(Puffin, 224 pages, £5.99, published 3 February 2005.)
and Flesh And Blood -- a pair of novels that this reviewer thoroughly
enjoyed. With Incubus, the author remains on young-adult ground,
focussing again on a family beset by troubles, but this time we have
the addition of a fantasy archetype from ancient Germany ...
is Nick Gifford's third novel, following the well-received
Danny's father is in jail following a night of madness in which he
killed five people. Danny has his suspicions about the event, not least
because he has read a notebook in which his father reveals a certain
fact; he was tormented by voices in his head. Now Danny is terrified
of going the same way -- like father, like son -- and so he has developed
a persona based on remaining cool and keeping everything under control.
Following the murders, Danny's mother and his gran moved to a hippy-style
retreat in the Westcountry (a superbly drawn institution, this, leavened
with much humour). But then Danny meets Cassie, a schoolfriend. Cassie
is a local, and she is intrigued by the reticent Danny. Together the
pair embark on a tentative relationship, in which Cassie tries to draw
information out of Danny, and Danny wonders how much he should tell
Eventually Danny grasps that the voices in his father's head -- and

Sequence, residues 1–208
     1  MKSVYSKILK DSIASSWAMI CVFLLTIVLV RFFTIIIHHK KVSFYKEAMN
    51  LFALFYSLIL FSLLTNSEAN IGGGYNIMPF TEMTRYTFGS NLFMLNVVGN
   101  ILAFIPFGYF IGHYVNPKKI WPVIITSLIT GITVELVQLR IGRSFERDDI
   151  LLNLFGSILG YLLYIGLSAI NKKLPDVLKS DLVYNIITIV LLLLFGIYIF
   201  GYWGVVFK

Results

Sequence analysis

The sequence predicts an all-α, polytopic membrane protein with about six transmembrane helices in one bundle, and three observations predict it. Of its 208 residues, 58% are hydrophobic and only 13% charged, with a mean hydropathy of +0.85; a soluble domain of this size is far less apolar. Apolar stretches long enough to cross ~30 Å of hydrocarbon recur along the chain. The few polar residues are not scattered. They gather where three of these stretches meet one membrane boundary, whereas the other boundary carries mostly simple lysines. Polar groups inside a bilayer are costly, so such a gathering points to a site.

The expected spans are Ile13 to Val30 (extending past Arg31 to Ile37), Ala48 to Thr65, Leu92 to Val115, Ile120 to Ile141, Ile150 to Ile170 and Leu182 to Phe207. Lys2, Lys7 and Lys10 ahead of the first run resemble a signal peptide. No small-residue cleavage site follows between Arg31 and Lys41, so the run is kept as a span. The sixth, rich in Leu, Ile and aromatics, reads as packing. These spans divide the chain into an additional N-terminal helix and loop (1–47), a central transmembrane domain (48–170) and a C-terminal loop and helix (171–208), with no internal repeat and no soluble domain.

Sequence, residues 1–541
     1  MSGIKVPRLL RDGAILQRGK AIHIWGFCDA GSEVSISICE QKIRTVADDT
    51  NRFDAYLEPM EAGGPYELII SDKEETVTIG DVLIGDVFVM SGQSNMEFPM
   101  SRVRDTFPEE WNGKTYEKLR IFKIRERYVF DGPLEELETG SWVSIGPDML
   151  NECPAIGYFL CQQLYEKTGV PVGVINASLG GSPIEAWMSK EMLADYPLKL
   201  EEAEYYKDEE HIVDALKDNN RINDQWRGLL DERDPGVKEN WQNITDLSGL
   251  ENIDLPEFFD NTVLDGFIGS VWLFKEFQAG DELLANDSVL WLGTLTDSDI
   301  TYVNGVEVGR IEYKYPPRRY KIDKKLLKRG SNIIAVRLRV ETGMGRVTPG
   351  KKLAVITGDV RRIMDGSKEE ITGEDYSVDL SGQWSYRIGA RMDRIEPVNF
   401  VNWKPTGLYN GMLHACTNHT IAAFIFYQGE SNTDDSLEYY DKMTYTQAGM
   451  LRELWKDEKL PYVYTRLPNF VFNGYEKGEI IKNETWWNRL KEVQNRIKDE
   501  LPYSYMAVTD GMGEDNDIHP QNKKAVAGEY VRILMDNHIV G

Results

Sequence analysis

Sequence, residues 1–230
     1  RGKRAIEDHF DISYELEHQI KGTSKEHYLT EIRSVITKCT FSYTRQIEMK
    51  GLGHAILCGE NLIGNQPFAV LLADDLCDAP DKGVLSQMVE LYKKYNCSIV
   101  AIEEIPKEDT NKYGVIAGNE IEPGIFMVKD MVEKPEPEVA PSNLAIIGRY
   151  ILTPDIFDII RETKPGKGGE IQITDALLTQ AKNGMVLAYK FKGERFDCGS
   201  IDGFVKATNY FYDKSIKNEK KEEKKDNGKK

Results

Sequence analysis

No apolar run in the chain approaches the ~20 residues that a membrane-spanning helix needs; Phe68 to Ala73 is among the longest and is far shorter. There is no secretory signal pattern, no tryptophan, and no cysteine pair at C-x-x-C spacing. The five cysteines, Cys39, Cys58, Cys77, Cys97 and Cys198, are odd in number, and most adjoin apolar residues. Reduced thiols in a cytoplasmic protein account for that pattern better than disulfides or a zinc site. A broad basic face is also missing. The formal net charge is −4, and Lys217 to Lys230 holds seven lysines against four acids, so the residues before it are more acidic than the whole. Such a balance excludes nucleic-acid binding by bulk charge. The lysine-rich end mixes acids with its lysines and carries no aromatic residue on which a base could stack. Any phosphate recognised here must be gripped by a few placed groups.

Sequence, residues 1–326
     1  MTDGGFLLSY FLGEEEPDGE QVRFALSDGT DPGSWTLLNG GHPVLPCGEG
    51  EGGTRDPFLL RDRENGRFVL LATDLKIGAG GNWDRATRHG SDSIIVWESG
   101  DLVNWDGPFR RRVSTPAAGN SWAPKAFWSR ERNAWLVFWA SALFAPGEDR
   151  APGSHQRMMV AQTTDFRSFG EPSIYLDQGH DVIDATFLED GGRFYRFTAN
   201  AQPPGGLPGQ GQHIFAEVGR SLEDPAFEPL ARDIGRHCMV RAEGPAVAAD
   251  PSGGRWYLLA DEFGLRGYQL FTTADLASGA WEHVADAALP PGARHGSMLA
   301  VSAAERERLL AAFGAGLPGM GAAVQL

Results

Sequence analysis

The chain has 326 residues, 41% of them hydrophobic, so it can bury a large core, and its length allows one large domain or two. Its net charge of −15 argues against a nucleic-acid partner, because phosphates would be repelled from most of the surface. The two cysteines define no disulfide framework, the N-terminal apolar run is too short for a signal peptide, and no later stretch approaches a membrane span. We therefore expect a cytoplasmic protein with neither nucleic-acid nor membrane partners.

in his own -- are the work of a kobold, an ancient German creature loyal
to the family. As more is revealed, as Danny and Cassie struggle to
learn what is going on, as Danny's mother Val begins a new relationship,
and as Danny's father escapes from prison, the novel progresses to a
This lode that Nick Gifford is mining is really good stuff! Incubus
is another very well written, readable, enjoyable and original novel.
It feels like a cross between the first two: perhaps not as claustrophobic
as Flesh And Blood, but with the larger-scale setting of Piggies.
The author's skill is both in depicting families in turmoil -- Danny
is a particularly convincing lead character, and his family are all
well-drawn -- and in presenting these families with difficult situations
that they must resolve. In Flesh And Blood that combination was
tightly bound; in Incubus there is a wider, deeper setting, bringing
in WW2 and the Berlin Wall.
A book that will be enjoyed by all this author's fans. Hopefully more
is to come.
Elsewhere in infinity plus: